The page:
These blissful spaces prove that bathrooms don’t have to be a bore. Just look at it as an extension of your personal style and create a bathroom with serious chemistry
Why be basic when you can be extra? This bathroom elevates traditional elements such as the classic combination of white and brass, vanity mirrors as well as old-school basins by combining them with show-stopping features that include: a custom-designed XXL round mirror; contemporary hexagonal tiles; and bare bulbs hung from cord cables that, creatively, have been positioned on the wall with bespoke brass supports rather than being suspended more conventionally from the ceiling.
* Mirrors in bathrooms, strategically positioned, will make the space feel bigger and lighter.
* A niche recessed into the wall and hung with floating shelves is a space saver as well as an eye-catching architectural feature.
* Maximise storage wherever you can. Here, open brass shelves form part of the basins and provide space for bath and hand towels.
* A round tray can easily be converted into a quirky, compact table that’s ideal for the bathroom – a simple DIY job using hairpin or wooden furniture legs.
SHADES OF GREY
Old meets contemporary meets futuristic in this striking bathroom that boldly places grey on grey on grey. Glossy subway tiles and a painted concrete floor look unexpectedly fresh in combination with vintage-style pressed ceiling panels (who needs wallpaper!) that lend texture and pattern. The interplay of old and new is taken to the next level here: an antique walnut plant stand and ornate period lights (given an update with white paint) as well as the nostalgic aesthetic of the pressed panels act as a bold counterpoint to the fluid curves and ultramodern design of Patricia Urquiola’s Pear vanities for Agape.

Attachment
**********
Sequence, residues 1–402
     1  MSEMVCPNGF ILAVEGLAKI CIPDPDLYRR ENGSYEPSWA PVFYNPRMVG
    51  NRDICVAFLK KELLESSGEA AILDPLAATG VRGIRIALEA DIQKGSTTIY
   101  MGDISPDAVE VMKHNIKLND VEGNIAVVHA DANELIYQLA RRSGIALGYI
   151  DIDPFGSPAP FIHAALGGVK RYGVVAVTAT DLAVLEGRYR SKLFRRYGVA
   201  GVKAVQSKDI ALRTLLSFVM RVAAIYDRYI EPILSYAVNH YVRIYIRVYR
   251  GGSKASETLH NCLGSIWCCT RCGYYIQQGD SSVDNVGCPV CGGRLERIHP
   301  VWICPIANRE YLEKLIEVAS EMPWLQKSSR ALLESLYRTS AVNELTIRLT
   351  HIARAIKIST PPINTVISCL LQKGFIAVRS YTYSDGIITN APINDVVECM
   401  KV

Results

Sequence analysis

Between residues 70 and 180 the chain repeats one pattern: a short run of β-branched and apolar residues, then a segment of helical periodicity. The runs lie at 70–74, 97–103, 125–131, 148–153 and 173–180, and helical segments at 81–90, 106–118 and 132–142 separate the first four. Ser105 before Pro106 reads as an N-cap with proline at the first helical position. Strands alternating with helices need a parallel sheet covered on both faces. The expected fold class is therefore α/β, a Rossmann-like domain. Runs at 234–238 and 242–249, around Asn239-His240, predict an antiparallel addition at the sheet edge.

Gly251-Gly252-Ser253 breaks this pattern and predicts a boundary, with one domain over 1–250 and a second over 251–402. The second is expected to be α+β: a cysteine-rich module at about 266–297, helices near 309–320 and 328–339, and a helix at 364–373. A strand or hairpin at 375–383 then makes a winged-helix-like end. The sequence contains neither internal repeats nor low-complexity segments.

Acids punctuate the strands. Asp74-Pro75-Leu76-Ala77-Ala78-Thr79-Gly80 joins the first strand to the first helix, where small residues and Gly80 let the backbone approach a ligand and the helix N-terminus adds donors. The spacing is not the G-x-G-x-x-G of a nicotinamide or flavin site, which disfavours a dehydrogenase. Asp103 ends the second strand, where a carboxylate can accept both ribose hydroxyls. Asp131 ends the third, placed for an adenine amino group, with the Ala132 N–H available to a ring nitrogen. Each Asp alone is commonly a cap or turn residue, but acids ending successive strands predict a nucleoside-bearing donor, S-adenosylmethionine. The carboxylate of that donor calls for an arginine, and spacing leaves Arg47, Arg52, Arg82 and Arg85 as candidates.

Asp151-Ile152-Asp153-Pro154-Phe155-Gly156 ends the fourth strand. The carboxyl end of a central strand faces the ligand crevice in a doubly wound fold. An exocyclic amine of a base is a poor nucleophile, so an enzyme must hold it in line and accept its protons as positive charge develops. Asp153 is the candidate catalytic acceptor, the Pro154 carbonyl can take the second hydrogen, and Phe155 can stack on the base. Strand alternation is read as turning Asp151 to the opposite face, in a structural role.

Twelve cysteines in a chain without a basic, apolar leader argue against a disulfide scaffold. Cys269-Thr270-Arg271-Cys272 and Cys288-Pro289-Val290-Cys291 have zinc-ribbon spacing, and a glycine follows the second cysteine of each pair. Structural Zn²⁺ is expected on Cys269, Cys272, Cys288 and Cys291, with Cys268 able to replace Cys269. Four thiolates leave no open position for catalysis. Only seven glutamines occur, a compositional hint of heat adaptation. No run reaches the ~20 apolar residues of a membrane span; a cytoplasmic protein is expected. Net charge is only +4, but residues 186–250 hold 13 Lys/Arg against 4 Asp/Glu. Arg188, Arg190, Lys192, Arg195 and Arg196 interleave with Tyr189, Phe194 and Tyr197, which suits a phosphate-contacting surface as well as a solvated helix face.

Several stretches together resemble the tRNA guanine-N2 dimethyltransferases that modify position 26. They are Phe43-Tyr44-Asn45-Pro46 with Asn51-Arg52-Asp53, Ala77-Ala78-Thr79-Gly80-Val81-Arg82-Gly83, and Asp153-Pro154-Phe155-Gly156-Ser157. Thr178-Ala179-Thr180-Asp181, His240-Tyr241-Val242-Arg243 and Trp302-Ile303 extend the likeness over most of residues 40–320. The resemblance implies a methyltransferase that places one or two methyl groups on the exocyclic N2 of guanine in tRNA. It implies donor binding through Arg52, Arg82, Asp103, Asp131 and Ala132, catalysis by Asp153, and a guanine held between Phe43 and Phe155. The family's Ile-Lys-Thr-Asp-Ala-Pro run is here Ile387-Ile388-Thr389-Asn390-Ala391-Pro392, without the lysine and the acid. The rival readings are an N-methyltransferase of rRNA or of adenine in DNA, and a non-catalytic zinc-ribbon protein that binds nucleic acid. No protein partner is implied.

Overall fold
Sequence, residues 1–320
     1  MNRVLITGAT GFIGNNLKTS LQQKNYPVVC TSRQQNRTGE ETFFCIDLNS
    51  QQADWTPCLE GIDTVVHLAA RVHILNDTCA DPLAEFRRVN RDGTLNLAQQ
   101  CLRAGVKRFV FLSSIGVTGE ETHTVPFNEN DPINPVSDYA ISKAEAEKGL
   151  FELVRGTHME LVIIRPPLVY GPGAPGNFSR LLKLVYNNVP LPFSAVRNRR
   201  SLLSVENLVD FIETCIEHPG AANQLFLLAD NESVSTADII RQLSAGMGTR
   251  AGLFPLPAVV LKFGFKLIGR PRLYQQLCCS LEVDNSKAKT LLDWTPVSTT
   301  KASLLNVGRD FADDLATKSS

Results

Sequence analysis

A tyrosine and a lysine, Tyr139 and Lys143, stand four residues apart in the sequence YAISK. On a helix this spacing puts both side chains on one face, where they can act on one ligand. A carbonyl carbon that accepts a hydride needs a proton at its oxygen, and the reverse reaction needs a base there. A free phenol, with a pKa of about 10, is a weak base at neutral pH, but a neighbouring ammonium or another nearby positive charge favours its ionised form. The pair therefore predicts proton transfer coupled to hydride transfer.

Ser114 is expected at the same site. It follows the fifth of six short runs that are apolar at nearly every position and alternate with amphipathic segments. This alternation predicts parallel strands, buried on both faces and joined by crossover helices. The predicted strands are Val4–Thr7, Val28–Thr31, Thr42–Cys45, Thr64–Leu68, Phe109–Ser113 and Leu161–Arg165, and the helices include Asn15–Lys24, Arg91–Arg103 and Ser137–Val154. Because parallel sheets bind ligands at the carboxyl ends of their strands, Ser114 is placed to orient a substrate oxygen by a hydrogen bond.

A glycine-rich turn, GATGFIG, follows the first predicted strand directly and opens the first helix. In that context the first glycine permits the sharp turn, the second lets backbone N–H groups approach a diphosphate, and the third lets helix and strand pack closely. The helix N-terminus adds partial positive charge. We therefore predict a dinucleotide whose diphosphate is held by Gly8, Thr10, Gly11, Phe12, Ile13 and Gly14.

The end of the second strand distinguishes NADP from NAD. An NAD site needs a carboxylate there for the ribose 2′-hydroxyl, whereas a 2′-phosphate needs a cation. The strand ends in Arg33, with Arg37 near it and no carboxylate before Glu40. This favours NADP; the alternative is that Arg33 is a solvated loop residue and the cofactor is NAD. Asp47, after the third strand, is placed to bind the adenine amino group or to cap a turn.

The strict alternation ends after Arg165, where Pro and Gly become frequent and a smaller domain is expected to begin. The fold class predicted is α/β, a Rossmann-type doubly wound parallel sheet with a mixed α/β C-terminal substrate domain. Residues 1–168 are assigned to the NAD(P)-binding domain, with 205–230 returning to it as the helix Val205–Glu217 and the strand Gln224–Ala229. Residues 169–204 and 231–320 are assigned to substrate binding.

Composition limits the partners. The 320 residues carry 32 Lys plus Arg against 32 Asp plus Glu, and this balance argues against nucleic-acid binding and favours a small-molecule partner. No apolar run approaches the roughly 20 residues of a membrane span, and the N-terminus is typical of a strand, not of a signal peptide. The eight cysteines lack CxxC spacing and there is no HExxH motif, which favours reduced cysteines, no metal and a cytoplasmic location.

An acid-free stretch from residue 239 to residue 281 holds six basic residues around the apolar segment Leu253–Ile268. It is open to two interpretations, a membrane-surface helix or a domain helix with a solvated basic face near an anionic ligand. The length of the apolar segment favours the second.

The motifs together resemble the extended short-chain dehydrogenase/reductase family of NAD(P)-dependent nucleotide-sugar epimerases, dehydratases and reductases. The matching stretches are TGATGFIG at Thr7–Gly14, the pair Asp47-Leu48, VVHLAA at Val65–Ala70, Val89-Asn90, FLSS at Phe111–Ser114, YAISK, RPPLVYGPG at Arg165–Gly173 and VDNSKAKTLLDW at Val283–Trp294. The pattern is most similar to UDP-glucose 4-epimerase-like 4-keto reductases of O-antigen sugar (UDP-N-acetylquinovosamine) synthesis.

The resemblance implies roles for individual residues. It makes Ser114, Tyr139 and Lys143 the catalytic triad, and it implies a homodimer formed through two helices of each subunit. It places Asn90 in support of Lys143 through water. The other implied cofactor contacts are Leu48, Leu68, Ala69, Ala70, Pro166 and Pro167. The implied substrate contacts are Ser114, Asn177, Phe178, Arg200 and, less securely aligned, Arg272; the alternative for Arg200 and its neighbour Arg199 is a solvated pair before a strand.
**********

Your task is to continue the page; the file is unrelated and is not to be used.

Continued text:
* Introduce gloss and matt surfaces for a mood that is very of-the-moment. This nifty style trick also creates a sense of layering and energy in a space where colour has been purposely edited down.
* The introduction of pops of colour – in the form of an art print and indoor plants – as well as natural wood lends warmth and personality.
* Revive second-hand Victorian brass wall sconces and other period lighting with a coat of paint in fresh white or be bold with colour.
The North African influence remains a magic formula for statement bathrooms as is evident in this breath-taking steam and shower room. The main event is, of course, the wall-to-wall, floor-to-ceiling tessellated Zellige tiles in lapis blue with their subtle variations in texture and colour. Restraint in the design details – a simple timber-framed glass door, brass light and shower fittings and a dramatic marble basin and polished stone shelf, set low to the ground – ensures the finished look is classic and contemporary, never gimmicky.
* Creating a bathroom on a budget? Invest in just one ‘wow’ piece – a show-stopping basin, a beautiful light or a tiled or wallpapered feature wall – and keep the rest of your fittings and decorations simple, minimalist and timeless.
* Wet/steam rooms require ample ventilation.
* While there’s nothing quite like the real thing, photo-real vinyl stickers are effective in cheating the North African-inspired tiled look.
BACK TO BASICS
If ever there was the perfect marriage of restrained industrial cool and free-form organic spirit then this bathroom is it. Every element is perfectly curated for functionality as well as aesthetic balance: from the precise lines of the bespoke black galvanized steel shelves set against creamy white, artfully imperfect Zellige tiles to a collection of apothecary bottles filled with scented bath salts and the untamed arrangement of air plants hung from a metal chandelier frame. Large white marble floor tiles and a tree stump table further enhance this union of nature and machine-made, rustic and modern.
* Air plants are ideally suited to the steamy bathroom environment, not to mention those who need their living accessories to be low-maintenance.
* Beware of overcrowding. A space like this calls for decorative restraint to allow the balance to be maintained and the beauty of the features – the tiles, bespoke shower fixture and shelving – to stand out.
* An all-white palette will be given grounding and modernity by interjections of black, living greenery as well as coloured glass, in this instance the warm amber of apothecary-style bottles.
In this bathroom, the juxtaposition of texture and finishes delivers major character and visual interest. A modern, dramatic overall effect is created by polished stone countertops, square tiles, a glossy concrete floor, ornate glass wall sconce lights and curvaceous, oversized basins contrast against an exposed stone wall, painted white, a distressed oversized mirror, chunky exposed ceiling beams and smaller details such as a rough-cut stone stand for soap and body products in the shower zone.
* A reflective floor can effectively serve to bounce natural light.